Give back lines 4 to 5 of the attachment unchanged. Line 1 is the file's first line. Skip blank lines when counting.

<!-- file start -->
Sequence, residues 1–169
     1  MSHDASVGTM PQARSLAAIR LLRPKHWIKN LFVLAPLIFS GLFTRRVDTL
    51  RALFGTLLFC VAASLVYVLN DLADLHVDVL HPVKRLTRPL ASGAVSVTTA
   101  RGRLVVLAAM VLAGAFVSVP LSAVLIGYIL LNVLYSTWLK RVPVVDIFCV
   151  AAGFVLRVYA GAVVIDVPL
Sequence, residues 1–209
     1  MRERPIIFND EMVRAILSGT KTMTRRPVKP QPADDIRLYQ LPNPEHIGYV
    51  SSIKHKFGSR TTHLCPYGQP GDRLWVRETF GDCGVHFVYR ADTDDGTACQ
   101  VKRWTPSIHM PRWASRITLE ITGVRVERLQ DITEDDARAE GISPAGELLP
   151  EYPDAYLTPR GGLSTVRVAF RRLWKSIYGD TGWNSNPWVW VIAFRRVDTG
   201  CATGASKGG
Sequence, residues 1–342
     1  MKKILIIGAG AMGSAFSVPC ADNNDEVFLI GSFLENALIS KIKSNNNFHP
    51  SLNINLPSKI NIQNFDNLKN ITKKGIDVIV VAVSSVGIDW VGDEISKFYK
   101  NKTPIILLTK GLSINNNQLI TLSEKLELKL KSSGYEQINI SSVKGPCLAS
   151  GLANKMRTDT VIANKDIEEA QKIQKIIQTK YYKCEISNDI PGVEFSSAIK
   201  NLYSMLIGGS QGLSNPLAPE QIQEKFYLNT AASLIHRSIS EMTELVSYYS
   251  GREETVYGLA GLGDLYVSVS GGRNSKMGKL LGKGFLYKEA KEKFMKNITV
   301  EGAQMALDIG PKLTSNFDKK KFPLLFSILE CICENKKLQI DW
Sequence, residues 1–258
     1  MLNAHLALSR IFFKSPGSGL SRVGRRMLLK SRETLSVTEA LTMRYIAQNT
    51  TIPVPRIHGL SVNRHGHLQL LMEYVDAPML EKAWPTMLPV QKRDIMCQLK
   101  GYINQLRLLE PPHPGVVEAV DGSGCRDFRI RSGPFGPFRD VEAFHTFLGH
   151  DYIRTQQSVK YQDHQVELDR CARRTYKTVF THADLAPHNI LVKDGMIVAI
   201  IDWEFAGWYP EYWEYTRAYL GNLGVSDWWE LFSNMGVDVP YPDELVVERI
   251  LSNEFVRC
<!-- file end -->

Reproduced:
   101  RGRLVVLAAM VLAGAFVSVP LSAVLIGYIL LNVLYSTWLK RVPVVDIFCV
   151  AAGFVLRVYA GAVVIDVPL